In Spotlights

Amber Hasselbring
Amber Hasselbring became involved with Nature in the City ( in 2006 when she joined the organization’s Steering Committee. At this time, she became immersed in a community of generous, motivated, and thoughtful people. They worked collectively to celebrate, advocate, protect local nature. At the time, she was making artwork about native ecosystems, creative exploration in the urban landscape, and transforming sidewalks into habitat for songbirds, native bees, and butterflies.

What environmental issues are of most concern to you?

Most pressing to me is our relationship as human beings with nature. We often have an “us and them” perspective for how we see our part in protecting, caring for, and learning about ecosystems. I would like to see us redevelop a more inclusive view. Often, we feel guilty about the species that we are losing, the ocean levels rising, our fossil fuel use, the foods we eat… and the list goes on.

I believe that the more we take part in nature everyday, the more connected we will feel to nature inside ourselves. The issues that overwhelm us: sickness, stress, relationship concerns, addictions, and mental health challenges –– can be all consuming. However, if we step back and take the long view, we can remember that we are simply opportunistic mammals, just like the spiders, bees, and songbirds, looking for ways to satisfy our basic needs.

If it were possible for us to think of ourselves as more intrinsic to nature, instead of separate from it, I believe we would feel better about ourselves in general. Perhaps the water we drink, the foods we eat, the soils we touch, and materials we surround ourselves with would be enhanced by taking a lighthearted “I am part of this” approach. For example, if we depended on the San Francisco Bay instead of the health club pool for our swim workout, how might we think about waterways upstream?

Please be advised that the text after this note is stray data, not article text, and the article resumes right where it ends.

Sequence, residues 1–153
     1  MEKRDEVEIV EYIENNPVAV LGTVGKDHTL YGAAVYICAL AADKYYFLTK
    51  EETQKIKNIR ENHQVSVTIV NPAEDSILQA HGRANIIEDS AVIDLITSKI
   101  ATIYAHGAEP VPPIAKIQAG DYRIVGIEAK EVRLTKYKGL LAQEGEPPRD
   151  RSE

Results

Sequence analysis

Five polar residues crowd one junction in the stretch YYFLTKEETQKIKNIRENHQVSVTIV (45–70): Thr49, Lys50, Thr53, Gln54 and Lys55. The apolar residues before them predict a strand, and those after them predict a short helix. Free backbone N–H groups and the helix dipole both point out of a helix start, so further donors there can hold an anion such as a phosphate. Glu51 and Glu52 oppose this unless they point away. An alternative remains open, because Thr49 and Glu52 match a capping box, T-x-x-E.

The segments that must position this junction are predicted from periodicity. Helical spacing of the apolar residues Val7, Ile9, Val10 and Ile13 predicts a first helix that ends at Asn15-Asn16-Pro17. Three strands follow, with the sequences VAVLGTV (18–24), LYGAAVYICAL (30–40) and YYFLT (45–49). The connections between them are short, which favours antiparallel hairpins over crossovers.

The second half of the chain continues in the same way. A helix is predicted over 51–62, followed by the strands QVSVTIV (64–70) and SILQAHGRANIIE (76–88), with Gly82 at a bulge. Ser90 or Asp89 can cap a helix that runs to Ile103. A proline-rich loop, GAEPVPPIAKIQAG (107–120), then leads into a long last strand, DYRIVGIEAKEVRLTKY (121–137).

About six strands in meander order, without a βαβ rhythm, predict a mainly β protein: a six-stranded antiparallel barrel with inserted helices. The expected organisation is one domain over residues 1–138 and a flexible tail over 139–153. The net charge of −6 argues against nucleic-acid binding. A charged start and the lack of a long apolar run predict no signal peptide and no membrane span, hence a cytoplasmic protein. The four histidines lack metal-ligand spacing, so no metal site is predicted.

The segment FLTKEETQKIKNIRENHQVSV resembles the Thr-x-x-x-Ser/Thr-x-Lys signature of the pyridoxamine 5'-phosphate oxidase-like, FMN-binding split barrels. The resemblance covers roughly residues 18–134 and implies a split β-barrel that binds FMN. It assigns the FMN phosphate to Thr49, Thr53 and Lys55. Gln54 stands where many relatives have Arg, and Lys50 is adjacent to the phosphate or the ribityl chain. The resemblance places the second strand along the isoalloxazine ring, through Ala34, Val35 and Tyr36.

In urban places, we live in a very privileged system. But there is hunting, foraging, food growing, swimming, habitat restoration, bird migration, and more. All of these are happening here, where we live. I would love to see more urban people feel like they have a part to play in these natural systems instead of taking them for granted, or worse, ignoring that they exist.

What do you think are some challenges and opportunities facing women in the environmental movement today?

Women have a leading role to play in the environmental movement. In our families, we share what we know and bring new habits into our everyday lives. We teach our children how to belong to nature. We can give our communities more a sense of simplicity and interdependency if we work together. I am encouraged by women in positions of power in the environmental fields, and the more we can support each other in raising our voices about what we know and think –– the more we can work together to find creative, inclusive solutions.

What are your suggestions on how WEN members can become more involved in your sector and the environmental movement?

If WEN members would like to learn more and stay informed, they can join our Naturein the City’s Meetup group and sign up for our e-newsletter. They can participate in an eco-literacy movement, that not only will inspire them personally, it will help to build a better San Francisco, and what’s more, it will expand our connection to the natural history of this place and remind us that we are a part of a much larger system of wild nature close to home and far away.